Google Analytics deals with what is known as “data science”- the practice that enables the transformation of large and small data sets into useful information which can be used to maximise business’ marketing strategies. It performs these three functions automatically;
Indeed, Google Analytics collects, analyses and displays informed statistics and relevant data from your business’ website which can give an insight into how well your organisation is meeting its customer objectives. It works by allowing users to make a short piece of code to embed into their web pages. This ‘tracking code,’ once activated, can give you an essential insight into your website performance.
1. User Engagement – how people are interacting with your site.
Through Google Analytics users can gain insight into information surrounding user behaviour, what pages your users visit most, how people move from page to page on your website and what they do on those pages and for how long.
You may want your target customers to navigate your site in a particular way- this system allows you to monitor this and how successful your site is in achieving expected behaviours.
2. User acquirement- how do people ‘find’ your website
Through clever data handling, google can allow website owners to view how they acquire users. It will give information surrounding how users were acquired via particular traffic channel; i.e. did potential customers find your website directly, through an organic search or were they referred via another source.
This can give vital information into how your website is fairing against search engine algorithms. If your organic search acquisition of user is low then perhaps an investigation in your SEO strategy might be in order.
3. Audience insight and audience segmentation
Ever wondered where your users are in the world? What time of day to they visit your website? What age are they? Gender? What are their interests?
Google Analytics has the power to show personal information regarding your audience which can be vital when strategising your next PPC campaign.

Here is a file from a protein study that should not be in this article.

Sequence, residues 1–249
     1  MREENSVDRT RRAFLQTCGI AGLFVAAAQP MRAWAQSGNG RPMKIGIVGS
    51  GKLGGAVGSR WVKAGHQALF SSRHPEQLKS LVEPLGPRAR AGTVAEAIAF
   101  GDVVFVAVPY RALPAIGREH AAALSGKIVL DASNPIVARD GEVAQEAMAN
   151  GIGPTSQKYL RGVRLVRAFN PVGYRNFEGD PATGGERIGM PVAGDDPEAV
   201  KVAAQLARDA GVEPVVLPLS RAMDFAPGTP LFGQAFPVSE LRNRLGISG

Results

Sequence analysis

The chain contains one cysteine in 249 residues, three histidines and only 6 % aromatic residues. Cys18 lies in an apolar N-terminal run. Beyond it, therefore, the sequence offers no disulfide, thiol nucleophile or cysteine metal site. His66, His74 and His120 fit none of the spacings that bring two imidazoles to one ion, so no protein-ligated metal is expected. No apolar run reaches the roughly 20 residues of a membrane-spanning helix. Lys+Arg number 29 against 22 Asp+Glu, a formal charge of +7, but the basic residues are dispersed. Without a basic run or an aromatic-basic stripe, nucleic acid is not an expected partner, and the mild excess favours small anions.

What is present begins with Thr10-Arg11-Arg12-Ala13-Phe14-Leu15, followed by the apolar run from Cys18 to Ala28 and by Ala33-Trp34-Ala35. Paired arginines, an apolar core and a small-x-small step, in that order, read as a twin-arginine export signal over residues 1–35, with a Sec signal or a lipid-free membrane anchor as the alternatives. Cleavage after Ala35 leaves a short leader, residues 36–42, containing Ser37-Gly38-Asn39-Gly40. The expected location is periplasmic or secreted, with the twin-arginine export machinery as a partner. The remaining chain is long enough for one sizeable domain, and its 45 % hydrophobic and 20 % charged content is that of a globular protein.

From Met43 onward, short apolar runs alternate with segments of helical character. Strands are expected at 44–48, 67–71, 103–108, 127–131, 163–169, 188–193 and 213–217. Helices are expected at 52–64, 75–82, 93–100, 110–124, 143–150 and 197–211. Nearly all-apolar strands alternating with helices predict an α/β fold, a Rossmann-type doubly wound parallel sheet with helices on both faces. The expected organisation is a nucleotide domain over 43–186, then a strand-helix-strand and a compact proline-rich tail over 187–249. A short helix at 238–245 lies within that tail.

It is important to note, however, that this personal information is anonymised under GDPR, the ‘Big Data’ legislation which puts limitations on what organisations can do regarding the use of this personal data. .
4. Conversion – how people convert on your website
Google Analytics dedicates an entire section to understanding conversions- which is essential to improving your conversion rates. Indeed, this particular section is very unique to different types of users which is why the goals section is of much significance.
e.g. If you run an ecommerce business you might want to track purchases as this would give a clear view of how many people actually converted.
This systems also offers the chance to see the exact typical path of the conversion as well as where potential customers are dropping off in the process. This can help you identify what the obstacles, and weakness’ are within your site that are preventing conversions.
5. Website optimisation
How is your site performing? What is its average page load time? How does your most-visited page take to load in comparison to the overall time of your website? What browser and device are used the most to view your pages?
All these are important factors when analysing the effectiveness of your website.
e.g. If your website does not run smoothly on a certain operating system or takes too long to load then perhaps your website needs to be optimised - as otherwise the entire costumer journey could be grounded to a halt at its most crucial stage.
Google Analytics is a great problem solving system for website owners. It can give a real insight into what is and what is not working. Whilst it will not tell you exactly what the issue is, nor give you a step by step solution to fix the problem- it will give invaluable insights by tracking data on your website. It is up to you to then use this data to your website and organisations advantage.